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Achilles Ajax appear arms band battle bear beneath blood body bold brave breast breath bright chariot chief close clouds command dart dead death deep descends divine dreadful dust earth eyes fair fall fame fate father fear fell field fierce fight fire flames flies force fury give glory gods grace Grecian Greece Greeks hand head hear heart heaven Hector hero Homer honors host human Jove king lance lies live lost mighty mind mortal move o'er once Patroclus plain prize race rage rest rise round sacred shade shield shining ships shore side sire skies slain soul sound spear spoke spread stand steeds stood Swift thee things thou thought thunder train trembling Trojan Troy turns vain walls warrior whole wound youth
Página 293 - Knowledge is of two kinds. We know a subject ourselves, or we know where we can find information upon it.
Página 264 - A wise physician, skilled our wounds to heal, Is more than armies to the public weal.
Página 171 - Like leaves on trees the race of man is found, Now green in youth, now withering on the ground; Another race the following spring supplies; They fall successive, and successive rise: So generations in their course decay; So flourish these, when those are pass'd away.
Página 281 - Could all our care elude the gloomy grave, Which claims no less the fearful than the brave, For lust of fame I should not vainly dare In fighting fields, nor urge thy soul to war. But since, alas ! ignoble age must come, Disease, and death's inexorable doom, The life, which others pay, let us bestow, And give to fame what we to nature owe ; Brave though we fall, and honour'd if we live, Or let us glory gain, or glory give!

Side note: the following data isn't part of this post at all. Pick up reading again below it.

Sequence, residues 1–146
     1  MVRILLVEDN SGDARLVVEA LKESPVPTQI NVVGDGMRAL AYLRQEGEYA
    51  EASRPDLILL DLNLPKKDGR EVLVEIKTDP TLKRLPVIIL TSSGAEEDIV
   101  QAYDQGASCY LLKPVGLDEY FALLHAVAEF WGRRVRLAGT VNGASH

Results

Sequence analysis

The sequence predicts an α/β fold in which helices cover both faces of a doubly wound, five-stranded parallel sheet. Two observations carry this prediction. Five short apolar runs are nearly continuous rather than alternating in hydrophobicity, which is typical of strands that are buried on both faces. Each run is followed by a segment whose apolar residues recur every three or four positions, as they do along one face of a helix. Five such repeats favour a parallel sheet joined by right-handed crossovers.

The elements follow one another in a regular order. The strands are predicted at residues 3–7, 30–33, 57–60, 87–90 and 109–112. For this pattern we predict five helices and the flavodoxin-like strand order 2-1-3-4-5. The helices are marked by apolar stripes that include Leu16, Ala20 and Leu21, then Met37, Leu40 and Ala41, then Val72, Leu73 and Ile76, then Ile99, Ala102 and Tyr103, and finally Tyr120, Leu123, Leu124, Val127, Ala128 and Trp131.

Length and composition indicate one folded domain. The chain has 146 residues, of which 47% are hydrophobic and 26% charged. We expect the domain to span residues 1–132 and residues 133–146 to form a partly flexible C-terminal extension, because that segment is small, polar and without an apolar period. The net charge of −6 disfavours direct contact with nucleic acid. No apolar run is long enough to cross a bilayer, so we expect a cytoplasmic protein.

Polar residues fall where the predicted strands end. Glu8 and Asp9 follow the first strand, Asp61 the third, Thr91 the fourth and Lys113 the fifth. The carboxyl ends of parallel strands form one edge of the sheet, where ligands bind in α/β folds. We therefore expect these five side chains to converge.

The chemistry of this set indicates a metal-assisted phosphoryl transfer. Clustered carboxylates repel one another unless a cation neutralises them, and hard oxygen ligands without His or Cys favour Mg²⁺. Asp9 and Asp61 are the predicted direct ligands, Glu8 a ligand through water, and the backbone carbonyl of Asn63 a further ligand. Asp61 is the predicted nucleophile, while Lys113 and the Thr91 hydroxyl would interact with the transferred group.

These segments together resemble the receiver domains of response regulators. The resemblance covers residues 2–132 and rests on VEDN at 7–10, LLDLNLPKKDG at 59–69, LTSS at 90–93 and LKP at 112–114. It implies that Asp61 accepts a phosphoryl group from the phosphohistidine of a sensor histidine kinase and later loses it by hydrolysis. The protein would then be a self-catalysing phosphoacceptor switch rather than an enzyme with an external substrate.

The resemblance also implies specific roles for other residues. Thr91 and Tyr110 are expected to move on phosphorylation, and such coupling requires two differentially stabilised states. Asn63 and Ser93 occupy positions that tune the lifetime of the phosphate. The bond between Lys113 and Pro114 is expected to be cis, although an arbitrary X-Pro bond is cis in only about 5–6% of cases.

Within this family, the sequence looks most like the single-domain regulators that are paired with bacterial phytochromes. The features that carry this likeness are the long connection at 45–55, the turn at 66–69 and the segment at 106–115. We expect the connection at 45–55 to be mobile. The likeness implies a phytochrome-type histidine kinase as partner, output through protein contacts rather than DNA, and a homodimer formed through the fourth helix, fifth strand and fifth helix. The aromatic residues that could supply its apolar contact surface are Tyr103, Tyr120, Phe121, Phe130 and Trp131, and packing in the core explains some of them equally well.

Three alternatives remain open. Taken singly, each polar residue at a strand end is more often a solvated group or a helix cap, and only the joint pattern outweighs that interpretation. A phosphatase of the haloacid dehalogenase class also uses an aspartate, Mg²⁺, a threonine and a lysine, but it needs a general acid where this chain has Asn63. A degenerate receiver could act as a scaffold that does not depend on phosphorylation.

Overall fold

Página 84 - Why, man, he doth bestride the narrow world, Like a Colossus ; and we petty men Walk under his huge legs, and peep about To find ourselves dishonourable graves.
Página 79 - Sheer o'er the crystal battlements : from morn To noon he fell, from noon to dewy eve, A summer's day ; and with the setting sun Dropt from the zenith like a falling star...
Página 39 - ... is so forcible in Homer, that no man of a true poetical spirit is master of himself while he reads him. What he writes, is of the most animated nature imaginable ; every thing moves, every thing lives, and is put in action. If a council be called, or a battle fought, you are not coldly informed of what was said or done as from a third person ; the reader is hurried out of himself by the force of the poet's imagination, and turns in one place to a hearer, in another to a spectator.
Página 423 - He bindeth up the waters in his thick clouds; and the cloud is not rent under them.
Página 27 - In the fell clutch of circumstance I have not winced nor cried aloud. Under the bludgeonings of chance My head is bloody, but unbowed. Beyond this place of wrath and tears Looms but the Horror of the shade, And yet the menace of the years Finds and shall find me unafraid. It matters not how strait the gate, How charged with punishments the scroll, I am the master of my fate : I am the captain of my soul.